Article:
RETROSPECTIVE: Ólafur Ragnar Grímsson, President of Iceland
In exactly one week’s time, Ólafur Ragnar Grímsson will formally step down as President of Iceland, after twenty years in the post.
Grímsson was born in 1943 in the West Fjords town of Ísafjörður. Educated in Reykjavik, he went on to graduate from the University of Manchester in economic and political science. In the early seventies, he lectured at the University of Iceland, subsequently becoming the country’s first professor in political science.
The President with his current wife, Dorrit Moussaieff outside the Iceland Parliament. Photo: Iceland Monitor/Eggert Jóhannesson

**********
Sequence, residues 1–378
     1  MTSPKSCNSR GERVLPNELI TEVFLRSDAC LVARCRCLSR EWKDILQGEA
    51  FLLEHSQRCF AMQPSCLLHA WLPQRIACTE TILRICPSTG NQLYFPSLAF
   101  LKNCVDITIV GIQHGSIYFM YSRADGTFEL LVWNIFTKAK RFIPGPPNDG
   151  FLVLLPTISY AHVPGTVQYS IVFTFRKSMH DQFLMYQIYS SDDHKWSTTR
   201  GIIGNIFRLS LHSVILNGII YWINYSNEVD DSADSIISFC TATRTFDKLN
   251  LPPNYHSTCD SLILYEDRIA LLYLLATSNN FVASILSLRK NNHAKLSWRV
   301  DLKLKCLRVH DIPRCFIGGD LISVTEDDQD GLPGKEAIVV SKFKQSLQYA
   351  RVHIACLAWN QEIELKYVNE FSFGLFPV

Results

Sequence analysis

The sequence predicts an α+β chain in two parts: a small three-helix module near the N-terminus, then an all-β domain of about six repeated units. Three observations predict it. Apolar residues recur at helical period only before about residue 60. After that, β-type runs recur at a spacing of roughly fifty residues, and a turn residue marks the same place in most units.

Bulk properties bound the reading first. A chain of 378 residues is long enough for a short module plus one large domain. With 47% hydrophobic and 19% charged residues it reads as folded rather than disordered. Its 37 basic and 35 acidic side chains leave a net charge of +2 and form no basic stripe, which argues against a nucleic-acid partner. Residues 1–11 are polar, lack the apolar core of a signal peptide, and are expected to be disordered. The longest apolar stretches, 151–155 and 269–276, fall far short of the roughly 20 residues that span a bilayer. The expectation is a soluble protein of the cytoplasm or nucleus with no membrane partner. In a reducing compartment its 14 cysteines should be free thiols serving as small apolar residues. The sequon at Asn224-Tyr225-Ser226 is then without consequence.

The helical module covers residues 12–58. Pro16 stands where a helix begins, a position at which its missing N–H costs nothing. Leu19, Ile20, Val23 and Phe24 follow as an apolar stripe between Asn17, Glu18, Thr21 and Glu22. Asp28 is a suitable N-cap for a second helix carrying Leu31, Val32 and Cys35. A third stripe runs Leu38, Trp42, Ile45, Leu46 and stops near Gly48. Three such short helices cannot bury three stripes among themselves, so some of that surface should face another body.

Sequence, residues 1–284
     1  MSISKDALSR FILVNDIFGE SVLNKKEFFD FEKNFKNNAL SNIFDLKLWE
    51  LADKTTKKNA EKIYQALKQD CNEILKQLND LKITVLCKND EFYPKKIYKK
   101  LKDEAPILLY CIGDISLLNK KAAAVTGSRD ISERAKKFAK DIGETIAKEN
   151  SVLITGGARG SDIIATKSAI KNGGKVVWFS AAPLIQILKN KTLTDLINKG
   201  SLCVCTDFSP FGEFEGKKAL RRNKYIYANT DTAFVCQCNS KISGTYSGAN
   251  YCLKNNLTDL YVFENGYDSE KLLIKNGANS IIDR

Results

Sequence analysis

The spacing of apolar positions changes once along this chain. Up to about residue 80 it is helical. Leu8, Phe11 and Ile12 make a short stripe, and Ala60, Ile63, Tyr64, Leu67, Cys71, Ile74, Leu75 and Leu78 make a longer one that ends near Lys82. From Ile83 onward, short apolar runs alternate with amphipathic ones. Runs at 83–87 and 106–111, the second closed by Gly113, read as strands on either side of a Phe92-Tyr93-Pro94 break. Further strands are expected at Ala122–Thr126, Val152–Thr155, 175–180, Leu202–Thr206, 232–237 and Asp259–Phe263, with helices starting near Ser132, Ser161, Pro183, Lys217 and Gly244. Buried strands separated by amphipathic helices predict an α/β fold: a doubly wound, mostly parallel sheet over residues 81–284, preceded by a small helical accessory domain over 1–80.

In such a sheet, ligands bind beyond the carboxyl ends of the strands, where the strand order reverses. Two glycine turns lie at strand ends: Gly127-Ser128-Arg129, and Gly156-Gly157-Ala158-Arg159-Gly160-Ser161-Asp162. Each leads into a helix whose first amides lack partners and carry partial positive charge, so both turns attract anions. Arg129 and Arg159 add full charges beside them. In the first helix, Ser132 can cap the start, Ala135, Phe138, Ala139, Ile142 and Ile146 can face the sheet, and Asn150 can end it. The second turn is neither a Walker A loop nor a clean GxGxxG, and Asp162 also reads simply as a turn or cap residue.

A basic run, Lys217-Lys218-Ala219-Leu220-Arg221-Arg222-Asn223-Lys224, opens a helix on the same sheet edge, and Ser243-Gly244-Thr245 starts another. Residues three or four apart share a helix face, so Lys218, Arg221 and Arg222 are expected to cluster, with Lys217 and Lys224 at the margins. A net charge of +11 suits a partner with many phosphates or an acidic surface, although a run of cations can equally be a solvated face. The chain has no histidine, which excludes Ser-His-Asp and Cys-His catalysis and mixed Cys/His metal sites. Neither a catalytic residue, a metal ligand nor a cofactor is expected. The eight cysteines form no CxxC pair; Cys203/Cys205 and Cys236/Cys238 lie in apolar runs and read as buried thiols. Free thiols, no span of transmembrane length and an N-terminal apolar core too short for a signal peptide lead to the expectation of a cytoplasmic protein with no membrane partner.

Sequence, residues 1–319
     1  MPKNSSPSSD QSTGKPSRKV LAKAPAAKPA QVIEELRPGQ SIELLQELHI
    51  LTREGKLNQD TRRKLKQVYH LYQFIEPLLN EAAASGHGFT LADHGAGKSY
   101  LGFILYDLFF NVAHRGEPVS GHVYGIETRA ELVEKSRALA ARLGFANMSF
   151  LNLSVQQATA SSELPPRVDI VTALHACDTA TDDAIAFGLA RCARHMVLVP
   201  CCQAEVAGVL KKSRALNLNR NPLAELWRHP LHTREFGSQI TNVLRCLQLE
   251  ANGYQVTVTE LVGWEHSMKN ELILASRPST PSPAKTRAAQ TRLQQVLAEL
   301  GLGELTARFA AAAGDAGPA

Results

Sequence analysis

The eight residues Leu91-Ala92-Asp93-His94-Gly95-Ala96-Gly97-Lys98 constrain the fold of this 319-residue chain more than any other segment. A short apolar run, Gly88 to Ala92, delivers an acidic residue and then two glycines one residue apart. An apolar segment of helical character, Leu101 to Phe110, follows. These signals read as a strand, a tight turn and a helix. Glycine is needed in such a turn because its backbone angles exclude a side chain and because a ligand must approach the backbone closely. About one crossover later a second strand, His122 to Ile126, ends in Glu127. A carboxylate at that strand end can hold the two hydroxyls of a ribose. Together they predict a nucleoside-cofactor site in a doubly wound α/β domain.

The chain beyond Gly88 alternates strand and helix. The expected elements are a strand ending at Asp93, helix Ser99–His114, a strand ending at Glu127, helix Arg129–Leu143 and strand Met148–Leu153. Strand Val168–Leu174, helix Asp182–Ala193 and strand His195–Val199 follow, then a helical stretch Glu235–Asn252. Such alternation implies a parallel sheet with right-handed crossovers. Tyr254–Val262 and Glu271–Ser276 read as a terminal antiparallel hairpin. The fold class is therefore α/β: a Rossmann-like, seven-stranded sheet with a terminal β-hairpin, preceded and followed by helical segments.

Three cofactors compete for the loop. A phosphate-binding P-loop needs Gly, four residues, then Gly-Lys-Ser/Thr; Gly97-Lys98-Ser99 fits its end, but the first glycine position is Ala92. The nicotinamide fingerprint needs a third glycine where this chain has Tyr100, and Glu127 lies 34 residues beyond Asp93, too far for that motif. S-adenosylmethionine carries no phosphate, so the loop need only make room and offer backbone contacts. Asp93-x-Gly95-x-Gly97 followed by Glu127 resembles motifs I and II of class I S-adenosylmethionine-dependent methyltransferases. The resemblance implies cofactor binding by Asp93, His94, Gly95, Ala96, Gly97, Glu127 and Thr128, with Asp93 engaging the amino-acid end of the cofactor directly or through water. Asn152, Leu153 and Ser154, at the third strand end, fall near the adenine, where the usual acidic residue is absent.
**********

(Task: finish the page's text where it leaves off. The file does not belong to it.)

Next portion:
He entered Parliament as an MP for the left-wing People’s Alliance in 1978. Nine years later, he was leader of the party and served as Iceland’s Finance Minister 1998-91.
He was elected President in 1996, the first of five consecutive terms of office he would serve at the head of the country.
Perhaps his most significant political interventions as President of Iceland came in 2010-11, when he twice vetoed government plans to repay British and Dutch savers who had lost money in Icesave. On both occasions, his veto was ratified by the Icelandic people in a referendum.
Grímsson with his first wife, Guðrún Katrín Þorbergsdóttir, at the presidential residence of Bessastaðir in 1997. Photo: Iceland Monitor/Rax
Grímsson has been an outspoken proponent of green energy and on issues such as climate change and Arctic cooperation.
He lost his first wife, Guðrún Katrín Þorbergsdóttir to leukaemia, in 1998. The couple had twin daughters in 1975. Grímsson remarried in 2000, to Dorrir Moussiaeff.